stopped, Captain Elphinstone said, “Now, ladies, will you “ have a little more?” “ Not for the world, my dear Captain, not “ for the world, we are quite content,” was the universal cry.

Whilst I was upon a visit at the house of my

much respected and hospitable friend John Venning, Esq., I used

generally to be awakened by a cow-keeper, collecting, Orpheuslike, his cows together, by a very long pipe, from which he produced some strains by no means unpleasing. The dress and attitude of this fellow, with his instrument in his mouth, resembled very

much some of the figures which I have seen upon Etruscan vases. For two or three days, whilst the wind was northerly, we were much annoyed in the city by a dense smoky atmosphere, arising from a large forest, which had been burning for several days, about thirty versts from Petersburg : to prevent the spreading of this terrible conflagration, two regiments were marched to the spot, who, after great exertion, by felling trees and digging trenches, succeeded in impeding its progress.

Accidents of this kind are attributed to the reaction of intense heat from the rock, upon the dry moss which is frequently found upon


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In order to observe engagements with punctuality, it is necessary that a traveller's watch should be set by the clock of the winter palace, which is the sun's vice-regent in Petersburg, and is certainly more sovereign than that of the Horse-Guards in London. I learned this piece of important information, as I proceeded with a party of friends to the Hermitage; not the matted cell of an anchorite, but a magnificent modern palace built by the late Empress, and connected by a light elegant gallery with an enormous mass of building, called the winter palace, built of brick stuccoed, and consisting of a basement floor, a grand and lesser story, supported with Doric columns, and adorned with balustrades, and an immense number of statues, many of which are said to be excellent, but as they are associated with the chimnies, their beauties are not discernible to gazers on the ground. This pile was built by the Empress Elizabeth, is grand from its magnitude, but very heavy:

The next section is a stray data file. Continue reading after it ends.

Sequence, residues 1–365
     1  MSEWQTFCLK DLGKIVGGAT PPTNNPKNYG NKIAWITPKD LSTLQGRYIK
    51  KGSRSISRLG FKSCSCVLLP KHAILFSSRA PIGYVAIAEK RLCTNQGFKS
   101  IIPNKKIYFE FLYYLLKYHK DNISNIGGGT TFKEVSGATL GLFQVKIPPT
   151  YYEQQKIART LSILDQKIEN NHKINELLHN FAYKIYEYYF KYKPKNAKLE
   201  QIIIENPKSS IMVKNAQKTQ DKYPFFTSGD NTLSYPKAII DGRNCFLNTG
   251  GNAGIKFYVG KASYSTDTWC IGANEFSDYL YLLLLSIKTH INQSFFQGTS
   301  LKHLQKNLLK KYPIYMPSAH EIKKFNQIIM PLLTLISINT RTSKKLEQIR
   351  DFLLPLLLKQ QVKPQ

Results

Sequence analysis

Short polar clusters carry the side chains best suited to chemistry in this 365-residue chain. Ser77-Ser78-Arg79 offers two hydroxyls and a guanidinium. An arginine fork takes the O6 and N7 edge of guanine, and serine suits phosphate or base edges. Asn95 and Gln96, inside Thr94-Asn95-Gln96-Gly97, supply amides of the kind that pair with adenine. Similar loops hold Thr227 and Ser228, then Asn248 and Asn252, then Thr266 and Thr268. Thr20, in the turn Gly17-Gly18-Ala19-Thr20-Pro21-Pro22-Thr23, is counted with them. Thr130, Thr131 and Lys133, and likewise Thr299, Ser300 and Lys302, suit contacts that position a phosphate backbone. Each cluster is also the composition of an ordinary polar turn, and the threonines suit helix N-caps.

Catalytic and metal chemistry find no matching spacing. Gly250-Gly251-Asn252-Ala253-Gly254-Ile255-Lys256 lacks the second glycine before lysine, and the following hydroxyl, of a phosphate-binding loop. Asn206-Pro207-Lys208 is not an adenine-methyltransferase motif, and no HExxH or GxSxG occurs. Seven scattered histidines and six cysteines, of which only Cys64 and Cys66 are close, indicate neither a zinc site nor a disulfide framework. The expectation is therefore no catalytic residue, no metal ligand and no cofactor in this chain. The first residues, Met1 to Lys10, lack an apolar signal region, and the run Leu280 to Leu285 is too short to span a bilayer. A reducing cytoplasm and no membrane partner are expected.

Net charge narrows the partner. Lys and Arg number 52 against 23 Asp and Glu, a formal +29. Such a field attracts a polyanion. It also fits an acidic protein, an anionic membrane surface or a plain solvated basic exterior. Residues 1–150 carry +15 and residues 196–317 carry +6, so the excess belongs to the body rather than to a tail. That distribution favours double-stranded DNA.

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within its walls are many courts, galleries, and passages, and stair cases without number. In the winter it requires fifteen hundred stoves, or as the Russians call them pitchkas, and the resident English, peeches, to warm it.

What could induce Catherine to call one of the most costly and elegant palaces in Europe by the name of the Hermitage I cannot imagine; not more preposterous would it be to hear Windsor Castle denominated the Nutshell. Its situation on the banks of the Neva is very beautiful; the apartments are still magnificent, although much of their rich furniture has been removed, and are embellished with the Houghton and other choice collections, to which artists have free access to copy. One room was entirely filled with some of the finest productions of Vernet; there is also a great number by Teniers. Upon the same floor with the picture galleries, which, with the state-rooms, occupy the second story, is a spacious covered winter garden, filled with orange trees, and foreign singing birds, opening into a summer garden upon the top of the palace, in which there is a beautiful long gravelled walk, lined with shrubs and large graceful birch trees, whose roots I should think must have for some tiine threatened to make their way through the ceiling of the drawing-rooms below. The whole is adorned with statues, elegant garden sophas, and temples, and on each side are magnificent galleries. In the cabinet of curiosities I was much pleased with a faithful and exquisite